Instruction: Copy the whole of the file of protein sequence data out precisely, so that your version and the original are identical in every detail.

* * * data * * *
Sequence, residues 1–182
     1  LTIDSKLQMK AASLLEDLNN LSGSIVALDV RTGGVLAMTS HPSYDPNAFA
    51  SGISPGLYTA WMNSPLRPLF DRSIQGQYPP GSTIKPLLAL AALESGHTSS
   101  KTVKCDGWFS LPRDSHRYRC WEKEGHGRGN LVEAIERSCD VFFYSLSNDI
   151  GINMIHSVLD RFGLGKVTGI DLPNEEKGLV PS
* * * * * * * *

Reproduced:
Sequence, residues 1–182
     1  LTIDSKLQMK AASLLEDLNN LSGSIVALDV RTGGVLAMTS HPSYDPNAFA
    51  SGISPGLYTA WMNSPLRPLF DRSIQGQYPP GSTIKPLLAL AALESGHTSS
   101  KTVKCDGWFS LPRDSHRYRC WEKEGHGRGN LVEAIERSCD VFFYSLSNDI
   151  GINMIHSVLD RFGLGKVTGI DLPNEEKGLV PS